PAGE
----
How to spam your co-workers with cat facts in 5 easy steps

Step 1 – Find a cat facts API

Well that was easy.

Step 2 – Build a serverless, Azure Logic App using Terraform that will connect to the API and spam your co-workers with a new fact every 5 minutes

Ok that part was easy too, but come on, it’s gotta be at least a little difficu–

Step 3 – Create an Office 365 connection that your Logic App can use

Open the Azure Logic Apps blade

You have 60 seconds to manually add a step that connects your Office 365 account to this app. ‘Get Calendars’ requires the least configuration.

Step 4 – Wait for your co-workers’ email clients to play their New Email alert sound

Start laughing, and keep laughing every 5 minutes from now until forever, asserting your feline dominance over your team.

“But that was only 4 steps, where’s number fi

Step 5 – Have Senior PM of Microsoft Azure Functions see your stupid app and tweet about it

Sure, no prob–wait, what?

Using Terraform workspaces for fun and profit – Part 1

We are a fairly small company (~350 employees) and a very small cloud team (myself and one other guy), so making use of automation where it’s cheap or free is imperative if we don’t want to get overwhelmed with the amount of work being thrown our way. One major challenge we faced was that for compliance reasons, we needed to have separate environments for development, QA, and production, but at the same time minimize the amount of time it takes to promote successful projects from that same development environment to QA, and then eventually from QA to prod.

This is the path we took.

First, we created Terraform workspaces for each one:

$ terraform workspace create dev
$ terraform workspace create qa
$ terraform workspace create prod

Next, we created Azure subscriptions for each environment in PowerShell:

Install-Module Az.Subscription -AllowPrerelease
New-AzSubscription -OfferType MS-AZR-0148P -Name "IT.TechServices.DEV" -EnrollmentAccountObjectId <enrollmentAccountObjectId>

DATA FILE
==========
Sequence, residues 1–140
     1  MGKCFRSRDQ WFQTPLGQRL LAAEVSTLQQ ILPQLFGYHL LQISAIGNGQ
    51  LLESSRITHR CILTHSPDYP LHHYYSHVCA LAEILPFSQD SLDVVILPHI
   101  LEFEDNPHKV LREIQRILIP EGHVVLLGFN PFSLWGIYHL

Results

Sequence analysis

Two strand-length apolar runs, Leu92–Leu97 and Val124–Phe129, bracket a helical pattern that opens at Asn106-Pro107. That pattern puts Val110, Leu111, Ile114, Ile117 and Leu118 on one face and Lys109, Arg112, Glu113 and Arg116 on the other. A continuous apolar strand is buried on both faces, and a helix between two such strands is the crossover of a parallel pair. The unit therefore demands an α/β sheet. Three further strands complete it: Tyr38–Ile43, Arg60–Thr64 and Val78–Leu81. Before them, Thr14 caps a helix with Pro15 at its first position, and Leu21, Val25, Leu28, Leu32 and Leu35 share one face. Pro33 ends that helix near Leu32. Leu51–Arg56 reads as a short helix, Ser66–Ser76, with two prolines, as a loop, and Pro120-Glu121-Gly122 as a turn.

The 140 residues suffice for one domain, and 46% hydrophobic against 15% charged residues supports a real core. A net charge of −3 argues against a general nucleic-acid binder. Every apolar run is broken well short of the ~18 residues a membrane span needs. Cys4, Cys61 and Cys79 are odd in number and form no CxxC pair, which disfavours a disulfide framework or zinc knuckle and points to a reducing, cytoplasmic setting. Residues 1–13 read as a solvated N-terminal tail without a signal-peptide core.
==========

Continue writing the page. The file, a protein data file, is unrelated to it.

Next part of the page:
New-AzSubscription -OfferType MS-AZR-0148P -Name "IT.TechServices.QA" -EnrollmentAccountObjectId <enrollmentAccountObjectId>
New-AzSubscription -OfferType MS-AZR-0017P -Name "IT.TechServices.PRD" -EnrollmentAccountObjectId <enrollmentAccountObjectId>

Note: The OfferType property is different between the DEV/QA subscriptions and the PRD subscription. This is because as part of our Enterprise Agreement with Microsoft, we have access to separate Dev/Test subscription pricing on the condition that we don’t run any production workloads in it. I am not sure if these values are universal, so if they don’t work for you, please check with your MS rep for the correct ones.

Then we created a sub-folder called environments, and in that folder we created Terraform variable files for each respective environment (dev.tfvars, qa.tfvars, and prod.tfvars), containing the appropriate Azure subscription ID in a variable called subscription_id and the name of the environment in a variable called environment_name. We then created a file with the contents variable subscription_id {} and variable environment_name {}. So, for example, in dev.tfvars we would have subscription_id = "109b6c11-e163-477e-8453-7613249447c" and environment_name = "dev" and in qa.tfvars we would have subscription_id = "95958666-8ab6-3980-828a-23f7382b9c5a" and environment_name = "qa"

 +--+ /environments    
 |         |    
 |         +--+ dev.tfvars
 |         +--+ qa.tfvars    
 |         +--+ prod.tfvars    

OK, let’s say we wanted to create some service called example-service and which required a resource group to start placing components in. If we wanted to do that in the Azure Canada Central region with some descriptive tags for sorting and billing, we would do the following:

resource "azurerm_resource_group" "example-service" {
   name     = "example-service-${var.environment_name}"
   location = "canadacentral"
   tags = {
     environment = "${var.environment_name}"
     owner       = "justin.smith"
     product     = "example-product"
     department  = ""